This example in the British Museum clearly depicts the stars, the ecliptic, and celestial equator on its reverse.

canvas 1.png
Edited by Roman Collector
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18 hours ago, DonnaML said:

Great coins, @Ryro! And that's unquestionably, in my expert opinion, an electric guitar.* 

Typo alert: where you say in the quotation "The monetary college of 46 BC includes three monetary," I think maybe you meant three moneyers?

As for the T. Carisius sphinx, your wish is my command:

Roman Republic, T. Carisius, AR Denarius, 46 BCE, Rome mint. Obv. Head of Sibyl (or Sphinx) right, her hair elaborately decorated with jewels and enclosed in a sling, tied with bands / Rev. Human-headed Sphinx seated right with open wings, wearing cap, T•CARISIVS above,; in exergue, III•VIR. Crawford 464/1, RSC I Carisia 11 (ill.), Sear RCV I 446 (ill.), Sear Roman Imperators 69 (ill. p. 46), Sydenham 983a, BMCRR 4061. 19 mm., 3.87 g.*

image.jpeg.5235732d212bd7daaed4842b7428b7f9.jpeg

*The head on the obverse is described simply as a “Sibyl” in Crawford, “Sibyl Herophile” in Sear, and “Aphrodisian Sibyl” (i.e., Sibyl relating to Aphrodite/Venus) in RSC and BMCRR. The Sibyl Herophile was the name of a Sibyl at Erythae in Ionia opposite Chios, also associated with Samos. Crawford notes at p. 476 that the combination of a Sibyl on the obverse and a sphinx on the reverse “recall
those of Gergis in the Troad [citing BMC Troas, pp. xxx and 55], perhaps allud[ing] to Caesar’s Trojan origin,” the moneyer being a supporter of Caesar. See the examples of these coins of Gergis at https://www.wildwinds.com/coins/greece/troas/gergis/i.html and https://www.asiaminorcoins.com/gallery/thumbnails.php?album=79 . On each such coin, the Sibyl is characterized as “Sibyl Herophile.” Characterizing her as the “Aphrodisian” Sibyl would relate to the gens Julia’s legendary descent from Venus. The theory that the obverse instead portrays the head of the Sphinx on the reverse is presented in an article by D. Woods, “Carisius, Acisculus, and the Riddle of the Sphinx,” American Journal of Numismatics Vol. 25 (2013).

The “IIIVIR” in the exergue on the reverse refers to the moneyer’s position at the mint. See https://www.forumancientcoins.com/numiswiki/view.asp?key=IIIVIR, defining the term as a “Latin abbreviation: Triumvir. On coins of the Roman Republic IIIVIR is used as a shortened abbreviation for IIIVIR AAAFF, which abbreviates ‘III viri aere argento auro flando feiundo’ or ‘Three men for the casting and striking of bronze, silver and gold,’ a moneyer or mint magistrate.”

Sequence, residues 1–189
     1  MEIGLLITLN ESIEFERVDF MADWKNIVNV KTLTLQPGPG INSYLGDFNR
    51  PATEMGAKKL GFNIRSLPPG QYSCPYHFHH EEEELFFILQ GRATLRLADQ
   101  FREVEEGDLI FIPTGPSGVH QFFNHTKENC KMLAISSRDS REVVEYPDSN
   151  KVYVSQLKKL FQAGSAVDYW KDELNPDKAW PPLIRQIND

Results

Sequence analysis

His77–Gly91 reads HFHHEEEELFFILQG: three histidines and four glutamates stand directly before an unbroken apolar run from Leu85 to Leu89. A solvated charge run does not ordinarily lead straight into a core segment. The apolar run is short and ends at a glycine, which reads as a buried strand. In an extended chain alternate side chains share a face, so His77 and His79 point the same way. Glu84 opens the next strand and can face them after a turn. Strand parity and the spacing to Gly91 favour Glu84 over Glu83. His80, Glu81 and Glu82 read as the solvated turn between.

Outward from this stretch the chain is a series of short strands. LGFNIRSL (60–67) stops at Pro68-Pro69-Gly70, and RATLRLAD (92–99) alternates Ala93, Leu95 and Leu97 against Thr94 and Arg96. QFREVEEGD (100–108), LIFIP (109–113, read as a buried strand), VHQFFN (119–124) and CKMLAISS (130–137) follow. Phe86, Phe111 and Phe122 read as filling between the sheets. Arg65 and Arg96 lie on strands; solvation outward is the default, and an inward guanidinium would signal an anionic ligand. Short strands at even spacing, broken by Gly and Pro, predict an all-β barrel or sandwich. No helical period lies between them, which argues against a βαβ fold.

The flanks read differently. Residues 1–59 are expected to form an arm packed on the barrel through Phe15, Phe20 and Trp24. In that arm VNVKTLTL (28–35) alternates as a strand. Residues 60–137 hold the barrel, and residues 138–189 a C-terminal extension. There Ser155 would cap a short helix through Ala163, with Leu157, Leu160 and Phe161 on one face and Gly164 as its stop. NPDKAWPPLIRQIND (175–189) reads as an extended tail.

*Just as in my expert opinion these recently-discovered artifacts from ca. 500 BCE prove that the ancient Etruscans had motorcycles: 

image.jpeg.5ca1f7971d98ceed478dea17dad4083a.jpeg

image.jpeg.0b0f6b8657af90a93e6411d425b9b8ca.jpeg

image.jpeg.22020ce02b7fa7cbf63978026c446e52.jpeg

image.jpeg.b2ba81d6bf5de4cdcf08b5d21a726d97.jpeg

image.jpeg.c0b16457fb56b464bbcbb307374b2826.jpeg

image.jpeg.0f6775de00fb11e6c1309cc3a5ab8d14.jpeg

image.jpeg.f4427c8b2e84afcb4a1c4b6a2a380434.jpeg

image.jpeg.b311619ef3ab9160d5f459998b460076.jpeg

..here's the one i got my friend

dinky motorcycle.jpg

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Nice coin @Ryro

Here's my celestial orb under a chair!normal_FII_TOGETHER-removebg-preview.png.2a63ab6a2636fac476a8e046fa565def.png

Faustina II Junior Silver Denarius 3.36g.,17mm, Rome mint, A.D. 154-156,

Obverse. FAVSTINA AVG-PIIAVGFIL Draped bust of Faustina right,

Reverse. CONC-O-RDIA, Concordia seated left, holding flower & resting left arm on cornucopiae set on globe below seat.

(RCV 4704; RIC 502a)

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Posted (edited)
31 minutes ago, akeady said:

I think the Eraviscans probably had the original version of Thunderstruck.

spacer.pngspacer.pngspacer.pngspacer.pngspacer.pngspacer.png

Rock on!
Aidan.

Those are gnarly!

Though I forget are the Cosmos the Macedonian shields or are the MSCs the Cosmos?

3373831_1665757036.l-removebg-preview.png.05af8f35d72213b1fd748cf2eccc9f4d.png

Screenshot_20221202-192146_Chrome-removebg-preview.png.3fb49c80434bc7b76d3c89fe43a87ccc.png

IMG_5804(1).jpg.aa6c3d51aaf98b33bb985ce30812a0e6.jpg

Pseudo-autonomous issue, 1st century AD. (Bronze, 17 mm, 4.97 g), Beroia. Macedonian shield. Rev. MΑΚΕΔΟΝΩΝ Nike standing to left on globe, holding wreath with the extended right hand and palm branch with the left. SNG Cop. 1331. SNG ANS.-. RPC -. Unusual and rare; a very interesting exampleA very interesting and scarce emission of the Macedonian Koinon

MACEDON. Koinon of Macedon. Ex: Munzzentrum

Edited by Ryro